Sunday, January 11, 2009
Whenever I paint the Silver Surfer, the toughest challenge is getting his chrome-covered figure to look somewhat convincing to the casual observer. Trophies can give you a good approximation of what the real deal would actually look like, but you can never find the right pose and it can be difficult to photograph. This is primarily because an electroplated object has no intrinsic look of its own; you are essentially painting a warped vision of the surrounding environment. The major difference is that the shapes and colors are juxtaposed at odd, sinuous seams. Also, if portraying a less polished Surfer, there are additional shifts in color and value.
So what to do? Simplify. Imagine a sphere with the desired texture and paint it. but don't just place it on your painting, imagine it within the simulated environment. Once a convincing shape has formed the foundation, it is much easier to build a more complicated structure, perhaps even one that is reflecting itself in some instances.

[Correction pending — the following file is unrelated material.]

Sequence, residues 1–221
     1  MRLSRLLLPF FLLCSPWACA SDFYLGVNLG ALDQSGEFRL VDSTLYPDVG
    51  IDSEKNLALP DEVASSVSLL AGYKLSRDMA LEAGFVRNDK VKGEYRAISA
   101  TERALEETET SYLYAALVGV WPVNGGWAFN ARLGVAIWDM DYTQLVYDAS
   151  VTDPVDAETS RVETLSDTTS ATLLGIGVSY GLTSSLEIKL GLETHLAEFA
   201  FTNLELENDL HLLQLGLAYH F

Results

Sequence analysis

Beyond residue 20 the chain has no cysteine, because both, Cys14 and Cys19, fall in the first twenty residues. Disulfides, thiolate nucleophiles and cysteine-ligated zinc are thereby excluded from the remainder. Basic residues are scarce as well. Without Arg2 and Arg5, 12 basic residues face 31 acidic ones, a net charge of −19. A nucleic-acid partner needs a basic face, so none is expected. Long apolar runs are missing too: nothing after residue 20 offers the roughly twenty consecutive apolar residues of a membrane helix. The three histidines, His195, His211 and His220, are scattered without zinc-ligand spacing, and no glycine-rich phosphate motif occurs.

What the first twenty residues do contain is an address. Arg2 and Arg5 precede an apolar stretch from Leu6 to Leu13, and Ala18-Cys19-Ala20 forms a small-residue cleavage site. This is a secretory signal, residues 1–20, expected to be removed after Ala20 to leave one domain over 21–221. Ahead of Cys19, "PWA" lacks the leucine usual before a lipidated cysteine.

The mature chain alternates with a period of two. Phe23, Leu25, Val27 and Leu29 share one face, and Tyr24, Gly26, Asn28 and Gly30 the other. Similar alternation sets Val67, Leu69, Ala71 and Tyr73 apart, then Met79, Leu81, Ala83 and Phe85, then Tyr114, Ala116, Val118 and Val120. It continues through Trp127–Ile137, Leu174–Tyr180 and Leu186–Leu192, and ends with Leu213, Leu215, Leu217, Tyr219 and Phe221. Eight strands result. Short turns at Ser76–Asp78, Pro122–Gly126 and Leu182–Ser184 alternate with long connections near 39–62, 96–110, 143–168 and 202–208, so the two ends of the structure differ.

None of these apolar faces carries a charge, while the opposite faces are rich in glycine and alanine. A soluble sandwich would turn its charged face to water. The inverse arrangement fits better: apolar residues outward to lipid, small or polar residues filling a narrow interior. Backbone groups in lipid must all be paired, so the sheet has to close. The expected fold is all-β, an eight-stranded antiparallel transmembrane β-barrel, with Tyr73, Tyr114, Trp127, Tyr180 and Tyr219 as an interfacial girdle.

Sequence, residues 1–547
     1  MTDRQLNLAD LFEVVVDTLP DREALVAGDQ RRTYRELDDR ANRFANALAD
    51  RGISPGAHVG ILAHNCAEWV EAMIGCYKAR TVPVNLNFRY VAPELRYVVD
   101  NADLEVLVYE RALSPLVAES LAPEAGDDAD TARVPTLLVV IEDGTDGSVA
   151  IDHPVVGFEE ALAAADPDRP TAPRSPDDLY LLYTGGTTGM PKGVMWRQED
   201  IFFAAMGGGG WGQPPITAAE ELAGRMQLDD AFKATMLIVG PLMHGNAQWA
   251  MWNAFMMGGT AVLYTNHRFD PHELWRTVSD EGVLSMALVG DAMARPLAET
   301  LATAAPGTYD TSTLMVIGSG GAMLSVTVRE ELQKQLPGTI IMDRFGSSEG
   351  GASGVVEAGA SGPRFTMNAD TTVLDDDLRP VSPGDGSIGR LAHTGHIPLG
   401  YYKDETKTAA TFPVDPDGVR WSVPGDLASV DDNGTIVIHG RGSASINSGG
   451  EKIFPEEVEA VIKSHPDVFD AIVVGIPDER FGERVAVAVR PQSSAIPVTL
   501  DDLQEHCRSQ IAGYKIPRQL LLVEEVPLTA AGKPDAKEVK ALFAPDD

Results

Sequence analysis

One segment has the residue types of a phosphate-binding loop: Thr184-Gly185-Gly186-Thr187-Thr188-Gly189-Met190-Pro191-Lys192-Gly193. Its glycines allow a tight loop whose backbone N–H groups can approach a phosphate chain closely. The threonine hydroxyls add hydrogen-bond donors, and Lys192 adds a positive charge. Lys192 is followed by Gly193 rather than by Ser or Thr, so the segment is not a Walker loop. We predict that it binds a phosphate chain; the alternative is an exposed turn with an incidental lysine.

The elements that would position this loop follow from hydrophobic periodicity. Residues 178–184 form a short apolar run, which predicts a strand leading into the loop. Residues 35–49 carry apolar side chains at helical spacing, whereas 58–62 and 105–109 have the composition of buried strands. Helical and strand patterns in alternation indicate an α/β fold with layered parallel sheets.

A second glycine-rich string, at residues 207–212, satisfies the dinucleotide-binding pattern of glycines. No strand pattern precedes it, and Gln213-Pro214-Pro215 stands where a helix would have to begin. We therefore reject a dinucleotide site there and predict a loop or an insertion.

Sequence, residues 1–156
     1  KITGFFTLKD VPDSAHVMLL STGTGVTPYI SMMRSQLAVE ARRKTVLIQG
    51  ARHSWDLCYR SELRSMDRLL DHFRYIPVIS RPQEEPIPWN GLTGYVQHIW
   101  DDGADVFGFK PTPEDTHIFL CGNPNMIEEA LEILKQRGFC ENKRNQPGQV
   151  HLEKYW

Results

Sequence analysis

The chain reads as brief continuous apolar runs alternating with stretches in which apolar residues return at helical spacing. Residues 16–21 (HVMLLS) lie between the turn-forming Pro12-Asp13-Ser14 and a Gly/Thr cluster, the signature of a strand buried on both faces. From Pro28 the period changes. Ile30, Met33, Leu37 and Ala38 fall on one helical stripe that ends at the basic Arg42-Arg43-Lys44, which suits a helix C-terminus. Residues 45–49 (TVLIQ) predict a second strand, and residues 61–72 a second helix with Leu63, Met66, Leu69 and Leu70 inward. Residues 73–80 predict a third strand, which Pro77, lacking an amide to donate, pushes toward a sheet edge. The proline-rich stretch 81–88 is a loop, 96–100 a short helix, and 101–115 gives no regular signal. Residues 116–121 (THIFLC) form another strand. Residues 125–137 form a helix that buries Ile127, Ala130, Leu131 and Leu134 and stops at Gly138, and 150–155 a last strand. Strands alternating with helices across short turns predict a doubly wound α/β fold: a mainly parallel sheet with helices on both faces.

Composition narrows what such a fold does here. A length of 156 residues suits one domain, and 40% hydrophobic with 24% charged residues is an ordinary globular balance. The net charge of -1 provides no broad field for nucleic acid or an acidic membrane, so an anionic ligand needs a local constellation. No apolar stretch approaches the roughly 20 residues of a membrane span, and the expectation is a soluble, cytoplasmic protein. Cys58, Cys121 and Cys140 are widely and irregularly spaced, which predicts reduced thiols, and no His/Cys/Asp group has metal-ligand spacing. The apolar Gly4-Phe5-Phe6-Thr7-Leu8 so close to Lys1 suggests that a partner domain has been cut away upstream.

I first came across this concept when looking at a Jurassic Park "Making of" book. They used a real mirrored ball to catalog the complicated lighting found in the canopied forest. This spherical panorama was then mapped into the comuputer to create a more life-like lighting environment, one that would match up well with the real-world actors. When this step is ignored, you end up with CG effects that look "off." You may not be able to say exactly why it doesn't look right, but your brain knows.
James Gurney does a similar trick when setting up maquettes for his more involved paintings.
Here is another version of the sketch, albeit with a much different environment. Ultimately, my editors favored one of my other sketches, but I think I'll eventually see one of these through to completion.
Speaking of mirrors, my Mom gave me a very thoughtful gift this Christmas: a custom felt sleeve for my mirror stand. Thanks, Ma!